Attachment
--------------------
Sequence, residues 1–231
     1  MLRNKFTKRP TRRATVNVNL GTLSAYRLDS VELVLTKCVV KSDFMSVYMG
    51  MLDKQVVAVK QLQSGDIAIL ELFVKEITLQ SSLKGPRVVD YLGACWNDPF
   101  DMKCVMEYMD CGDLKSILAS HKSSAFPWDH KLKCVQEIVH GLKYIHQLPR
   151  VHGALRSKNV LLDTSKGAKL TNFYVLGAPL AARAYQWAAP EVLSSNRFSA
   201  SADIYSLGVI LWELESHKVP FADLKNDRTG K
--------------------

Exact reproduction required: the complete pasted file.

Sequence, residues 1–231
     1  MLRNKFTKRP TRRATVNVNL GTLSAYRLDS VELVLTKCVV KSDFMSVYMG
    51  MLDKQVVAVK QLQSGDIAIL ELFVKEITLQ SSLKGPRVVD YLGACWNDPF
   101  DMKCVMEYMD CGDLKSILAS HKSSAFPWDH KLKCVQEIVH GLKYIHQLPR
   151  VHGALRSKNV LLDTSKGAKL TNFYVLGAPL AARAYQWAAP EVLSSNRFSA
   201  SADIYSLGVI LWELESHKVP FADLKNDRTG K